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U.S. brokers target those tapping into savings

 

JOHN HECHINGER, The Wall Street Journal Wednesday, August 13, 2003

 

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(08-13) 07:37 PDT (AP) --

 

For decades, financial firms made a mint helping Baby Boomers save for retirement. Now, with those customers graying fast, firms are plotting how to make money from the boomers' inevitable next step: Drawing down their nest eggs.

 

Mutual-fund companies, insurers, and brokers are rolling out all manner of new products and services that -- for a fee, of course -- promise to help retirees avoid running out of money. The products range from simple annuities to automatic portfolio-rebalancing tools.

 

All are aimed at the growing number of workers who rely on 401(k) or similar plans, which are designed to generate a big sum of money that retirees must manage themselves. The problem with such plans is they don't guarantee a secure monthly income , like a traditional pension plan, or even guide retirees about how to achieve that goal.

 

Meanwhile, retirees in general are living longer, making planning even tougher. An average 65-year-old man can expect to live to 81; a woman to 84. Owning stocks used to be considered the answer for a long retirement, but many retirees are leery about taking that route after the recent bear market.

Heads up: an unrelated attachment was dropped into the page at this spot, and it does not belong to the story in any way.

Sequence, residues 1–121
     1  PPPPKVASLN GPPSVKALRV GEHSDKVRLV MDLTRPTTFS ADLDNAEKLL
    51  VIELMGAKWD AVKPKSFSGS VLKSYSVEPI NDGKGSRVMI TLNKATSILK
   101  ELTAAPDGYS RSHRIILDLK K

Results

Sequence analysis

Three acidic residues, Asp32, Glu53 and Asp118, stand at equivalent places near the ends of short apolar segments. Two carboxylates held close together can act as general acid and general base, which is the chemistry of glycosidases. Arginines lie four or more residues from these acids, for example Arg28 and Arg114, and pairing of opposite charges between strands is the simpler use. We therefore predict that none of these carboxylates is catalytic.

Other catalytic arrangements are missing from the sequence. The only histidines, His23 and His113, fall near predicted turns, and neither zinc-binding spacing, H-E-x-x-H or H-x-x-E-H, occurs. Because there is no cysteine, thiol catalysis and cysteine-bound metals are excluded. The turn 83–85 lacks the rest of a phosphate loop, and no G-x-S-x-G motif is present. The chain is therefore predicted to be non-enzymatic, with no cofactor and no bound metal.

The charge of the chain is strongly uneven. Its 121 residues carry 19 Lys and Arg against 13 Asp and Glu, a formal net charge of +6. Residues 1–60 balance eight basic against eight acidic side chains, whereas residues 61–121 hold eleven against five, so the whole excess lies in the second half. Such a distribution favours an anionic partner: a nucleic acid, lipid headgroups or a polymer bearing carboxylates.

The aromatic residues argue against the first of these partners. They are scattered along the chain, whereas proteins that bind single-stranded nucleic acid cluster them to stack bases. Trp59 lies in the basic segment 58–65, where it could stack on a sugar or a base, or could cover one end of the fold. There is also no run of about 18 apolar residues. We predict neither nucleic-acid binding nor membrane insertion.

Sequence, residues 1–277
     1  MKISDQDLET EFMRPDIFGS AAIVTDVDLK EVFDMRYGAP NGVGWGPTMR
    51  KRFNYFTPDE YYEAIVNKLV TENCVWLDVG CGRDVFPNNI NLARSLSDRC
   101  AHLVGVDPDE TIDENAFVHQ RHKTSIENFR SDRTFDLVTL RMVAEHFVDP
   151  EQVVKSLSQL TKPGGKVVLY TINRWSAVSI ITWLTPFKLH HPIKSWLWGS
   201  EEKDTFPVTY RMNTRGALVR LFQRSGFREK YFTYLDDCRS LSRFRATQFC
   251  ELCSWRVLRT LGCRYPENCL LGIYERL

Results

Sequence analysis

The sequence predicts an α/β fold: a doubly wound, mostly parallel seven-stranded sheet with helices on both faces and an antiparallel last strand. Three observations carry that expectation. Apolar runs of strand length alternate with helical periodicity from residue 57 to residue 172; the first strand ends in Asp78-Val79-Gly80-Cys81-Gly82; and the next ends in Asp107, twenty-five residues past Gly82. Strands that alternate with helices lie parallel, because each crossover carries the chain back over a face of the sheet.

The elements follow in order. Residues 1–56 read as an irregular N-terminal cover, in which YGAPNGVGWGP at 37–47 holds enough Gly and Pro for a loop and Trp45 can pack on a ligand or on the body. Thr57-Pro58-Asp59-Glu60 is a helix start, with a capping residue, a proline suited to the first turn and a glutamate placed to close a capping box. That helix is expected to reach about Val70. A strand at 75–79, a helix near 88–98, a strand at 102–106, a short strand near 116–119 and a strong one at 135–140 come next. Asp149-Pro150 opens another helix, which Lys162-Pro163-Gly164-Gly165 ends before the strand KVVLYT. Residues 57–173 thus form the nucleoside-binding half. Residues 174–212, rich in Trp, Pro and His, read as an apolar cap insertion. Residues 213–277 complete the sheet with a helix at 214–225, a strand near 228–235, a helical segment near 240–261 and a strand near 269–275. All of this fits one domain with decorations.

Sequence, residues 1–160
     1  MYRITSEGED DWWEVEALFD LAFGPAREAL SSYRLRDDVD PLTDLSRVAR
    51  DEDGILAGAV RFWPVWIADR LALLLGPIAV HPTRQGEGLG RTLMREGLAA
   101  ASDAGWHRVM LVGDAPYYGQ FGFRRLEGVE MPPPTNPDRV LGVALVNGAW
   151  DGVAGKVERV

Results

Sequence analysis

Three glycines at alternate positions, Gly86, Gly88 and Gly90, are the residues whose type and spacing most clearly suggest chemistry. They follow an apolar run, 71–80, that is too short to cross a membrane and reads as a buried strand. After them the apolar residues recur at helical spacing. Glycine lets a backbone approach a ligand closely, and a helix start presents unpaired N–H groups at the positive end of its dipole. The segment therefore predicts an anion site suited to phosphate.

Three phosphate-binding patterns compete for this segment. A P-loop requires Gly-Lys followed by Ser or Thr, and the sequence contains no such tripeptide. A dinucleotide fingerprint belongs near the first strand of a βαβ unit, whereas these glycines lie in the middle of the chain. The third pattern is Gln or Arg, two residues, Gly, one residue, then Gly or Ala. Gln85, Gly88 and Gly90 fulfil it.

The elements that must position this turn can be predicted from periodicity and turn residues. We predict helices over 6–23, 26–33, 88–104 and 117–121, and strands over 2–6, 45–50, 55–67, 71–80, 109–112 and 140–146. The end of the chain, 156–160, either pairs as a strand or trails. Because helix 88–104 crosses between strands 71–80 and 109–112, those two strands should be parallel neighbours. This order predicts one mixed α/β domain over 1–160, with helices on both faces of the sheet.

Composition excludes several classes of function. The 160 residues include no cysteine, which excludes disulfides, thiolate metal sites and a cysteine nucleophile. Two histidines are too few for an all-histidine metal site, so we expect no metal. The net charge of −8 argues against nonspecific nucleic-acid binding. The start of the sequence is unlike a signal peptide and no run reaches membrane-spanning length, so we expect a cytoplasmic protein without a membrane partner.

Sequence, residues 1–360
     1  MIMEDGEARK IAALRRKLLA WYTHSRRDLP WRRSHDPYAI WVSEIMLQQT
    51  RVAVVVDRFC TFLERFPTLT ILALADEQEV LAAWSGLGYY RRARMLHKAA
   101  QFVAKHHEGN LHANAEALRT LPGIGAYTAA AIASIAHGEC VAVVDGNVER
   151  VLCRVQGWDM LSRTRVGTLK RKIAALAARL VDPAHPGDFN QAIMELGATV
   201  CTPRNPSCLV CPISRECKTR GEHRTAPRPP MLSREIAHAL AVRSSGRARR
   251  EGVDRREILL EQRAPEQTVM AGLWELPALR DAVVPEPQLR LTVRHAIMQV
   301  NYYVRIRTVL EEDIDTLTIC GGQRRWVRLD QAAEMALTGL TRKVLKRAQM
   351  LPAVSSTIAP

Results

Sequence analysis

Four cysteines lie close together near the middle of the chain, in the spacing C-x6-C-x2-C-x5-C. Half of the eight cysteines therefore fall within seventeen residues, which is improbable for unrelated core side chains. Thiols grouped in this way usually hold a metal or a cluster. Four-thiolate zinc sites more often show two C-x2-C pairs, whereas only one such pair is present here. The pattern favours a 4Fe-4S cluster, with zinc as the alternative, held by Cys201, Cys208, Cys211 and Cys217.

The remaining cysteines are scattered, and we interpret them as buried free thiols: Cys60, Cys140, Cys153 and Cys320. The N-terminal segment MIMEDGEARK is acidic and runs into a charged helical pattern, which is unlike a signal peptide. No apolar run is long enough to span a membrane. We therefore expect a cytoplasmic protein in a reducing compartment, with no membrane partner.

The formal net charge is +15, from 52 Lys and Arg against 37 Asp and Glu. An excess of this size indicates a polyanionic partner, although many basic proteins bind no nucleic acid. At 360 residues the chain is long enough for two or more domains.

For financial firms, the stakes are huge. The first wave of boomers will begin retiring in just seven years. By 2030, 20 percent of the population, or 70 million people, is expected to be 65 years or older, compared with almost 13 percent, or 36 million today. Retirees will take $670 billion from their investments for living expenses in 2012, up from $134 billion in 2001, according to Boston consultant Cerulli Associates. Luis Fleites, a Cerulli analyst, says financial firms have been so busy collecting money in retirement plans that they haven't devoted enough attention to the key worry of their customers. "Clients' biggest fear is outliving their money," Mr. Fleites says.

 

However, the security of these new products comes at a price. For one, they tend to carry much higher fees than plain-vanilla mutual funds. In addition, retirees moving their 401(k) money into more conservative pension-like instruments won't benefit if the market takes off again. Here's a look at the latest offerings and their main benefits and drawbacks:

 

 

FIXED ANNUITIES: As is often the case with Wall Street, many of the new products are twists on old ideas. Consider immediate fixed annuities, a tried and true product that allows you to convert a lump sum into monthly payments for life. Because of low interest rates, they aren't as attractive as they were several years ago. A 65-year-old buying a $500,000 annuity from TIAA-CREF would get $2,750 a month recently.

 

Earlier this year, Principal Financial Group rolled out an account that tries to combine the advantages of a fixed annuity with the growth potential of stocks. Rather than immediately shell out a big sum for an annuity, customers put their money into an account that starts with investments in mutual funds, then automatically shifts into annuities gradually over many years.

 

The account, called a Principal Income IRA, works as follows: An investor rolls over his or her 401(k) retirement plan into an IRA with 37 investment options, including funds from Principal, Fidelity Investments and Putnam Investments. Then, the investor picks a time period -- as long as 15 years -- during which the money is shifted into annuities. The advantage, says the company, is that the investor has less risk of locking in an annuity at a time when interest rates -- and thus monthly payments -- are low.